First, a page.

3. This was a foreclosure that wasn’t a foreclosure.  The bank had a holding company that technically purchased the property from the bank first.  Since I came in so quickly, I had to wait around for all that legal junk to go through (including the judge recusing himself from the case approving the sale, which set us back almost 2 months!)  I also learned a lot, like that condo sales require some extra steps like getting approval from the association and having to pay the previous tenants unpaid association fees.
  4. My mortgage kept getting blocked by all sorts of weird regulations, and I learned one very important lesson: Money Talks!  As I put more toward the down payment, the regulations all sort of floated away.  Like magic….
  5. Even though my new and old places are the same size, I have WWWAAAAYYYYYYYY too much stuff for the new place.  Now that everything is out of their nooks, crannies, and hidey-holes, it’s glaringly obvious that it’s time to make some donations.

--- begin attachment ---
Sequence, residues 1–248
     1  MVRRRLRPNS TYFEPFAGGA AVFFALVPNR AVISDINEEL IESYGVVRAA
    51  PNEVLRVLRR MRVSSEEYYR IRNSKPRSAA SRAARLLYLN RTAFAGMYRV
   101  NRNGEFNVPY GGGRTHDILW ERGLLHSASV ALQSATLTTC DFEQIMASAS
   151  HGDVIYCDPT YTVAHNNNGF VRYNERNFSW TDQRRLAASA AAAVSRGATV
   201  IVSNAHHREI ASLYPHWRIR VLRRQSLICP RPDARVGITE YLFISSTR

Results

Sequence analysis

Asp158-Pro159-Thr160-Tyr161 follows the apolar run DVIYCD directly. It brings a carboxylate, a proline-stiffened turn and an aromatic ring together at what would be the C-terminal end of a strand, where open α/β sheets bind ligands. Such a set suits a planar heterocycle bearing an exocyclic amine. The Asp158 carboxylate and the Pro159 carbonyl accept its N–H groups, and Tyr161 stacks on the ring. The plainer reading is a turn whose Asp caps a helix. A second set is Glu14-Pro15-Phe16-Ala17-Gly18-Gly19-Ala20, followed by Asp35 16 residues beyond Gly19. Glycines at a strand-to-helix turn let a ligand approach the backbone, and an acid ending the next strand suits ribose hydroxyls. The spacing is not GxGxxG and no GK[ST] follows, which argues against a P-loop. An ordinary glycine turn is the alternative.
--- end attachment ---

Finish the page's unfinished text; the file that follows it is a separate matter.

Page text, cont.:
So now here I am, sitting in a jungle of half emptied boxes, bins, and baskets, without being able to find anything I need (where the HECK are my shoes?!), and wondering if this was actually a good idea.


Yes. Yes it was.


Not only do I finally get to knock down a wall (Woohoo!), decorate in my own personal style, and actually get to call this place my own, but I also get to add a whole bunch of new elements to our This & That repertoire!  So hold onto your hats as I start adding in all the little DIY projects (and WHOA do I have a ton!) that are going to make this condo our home.


Plus, how many people in condos/apartments can say they have this view from their living room?




Yup, that’s a river.  In suburbia.


I am so looking forward to sharing this new chapter of my life with all of you! So while I’m here, dealing with rainy day leaks and exploding lightbulbs (yeah…), do any of you experienced homeowners have any good tips or suggestions to share with me?


With love and excitement,